Cape Town Iron and Steel Works (Cisco) reopens

Scrap-based steelmaking company reopened after nearly eight years of closure following a R550 million Turkish investment.

The company, based in Kuils River, Western Cape, was established in 1967. Murray and Roberts closed its doors eight years ago resulting in 360 job losses. In 2012, Turkish company DHT Holdings took ownership to expand and upgrade the steel plant, which produces steel from scrap. DHT have invested R550 million to expand and upgrade the steel plant and expects to produce 500 000 t/y.

The reopening of the Cisco factory follows the introduction of a trade directive that provides local steel mills with greater access to scrap metal, through a price preference system that favours local industry.

“Scrap metal, whether in our homes, workplaces and in trains and cars that are scrapped, is a national resource. Local foundries and steel mini-mills had been under pressure for a number of years due to unavailability of scrap metal, a vital feedstock, due to a surge in the export of scrap metal,” said Economic Development Minister Ebrahim Patel.

“For many years we have seen the exporting of scrap metal that is transformed into steel products that go into the infrastructure of other countries. Mr Turanli saw an opportunity to help South Africans take our scrap metal and turn it into steel products that we can use in our infrastructure,” he said.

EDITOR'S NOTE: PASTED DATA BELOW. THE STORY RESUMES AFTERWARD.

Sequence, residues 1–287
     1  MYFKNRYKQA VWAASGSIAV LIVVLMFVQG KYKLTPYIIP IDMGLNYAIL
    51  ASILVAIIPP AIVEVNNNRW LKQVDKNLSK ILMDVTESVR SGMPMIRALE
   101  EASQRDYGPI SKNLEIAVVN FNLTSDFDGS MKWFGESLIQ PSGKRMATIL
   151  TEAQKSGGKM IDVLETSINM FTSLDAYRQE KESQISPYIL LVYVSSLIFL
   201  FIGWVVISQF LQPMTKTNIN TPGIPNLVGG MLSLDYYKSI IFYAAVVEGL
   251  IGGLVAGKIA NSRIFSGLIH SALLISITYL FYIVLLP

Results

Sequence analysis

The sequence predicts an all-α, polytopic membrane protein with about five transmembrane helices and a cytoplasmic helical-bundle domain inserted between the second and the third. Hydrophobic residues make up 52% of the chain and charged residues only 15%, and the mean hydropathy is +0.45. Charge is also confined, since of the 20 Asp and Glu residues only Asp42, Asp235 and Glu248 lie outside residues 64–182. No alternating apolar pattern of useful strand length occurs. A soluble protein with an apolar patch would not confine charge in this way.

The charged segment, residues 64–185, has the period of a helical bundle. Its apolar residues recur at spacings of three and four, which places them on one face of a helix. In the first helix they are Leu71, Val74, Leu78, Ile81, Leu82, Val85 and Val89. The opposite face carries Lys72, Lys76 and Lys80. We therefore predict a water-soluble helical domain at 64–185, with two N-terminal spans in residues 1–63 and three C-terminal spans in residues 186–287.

“The company has invested R550 million, while the Industrial Development Corporation (IDC) has provided about R230 million. Here you have a combination of scrap lying around that can be used, finance from foreign investors and the IDC, know-how and workers ready to work.”

He said steel products that had been produced by Cisco since October had gone into local products in the Western Cape, as well as being exported to the US, Tanzania, Kenya, Mozambique, Namibia, Botswana, Zimbabwe and Uganda.

“The president had put a target for R100 billion fresh investment over the next five years so we can expand factories, mines, hotels and other workplaces to create jobs for South Africa’s people,” he said.

“We started this project in 2012 and have always had the support of the Economic Development Ministry. I was here prior to 2012. You said grab opportunities here. We are continuously working to add value to raw material sourced in South Africa,” said DHT president Dagistan Turanli.

The Turkish Ambassador to South Africa Elif Comoglu Ulgen said the investment by DHT was the second-largest investment by a Turkish firm in South Africa.

To date, 300 direct jobs and 120 indirect jobs have been created and 80 000 tons of steel have gone into local industry and exported.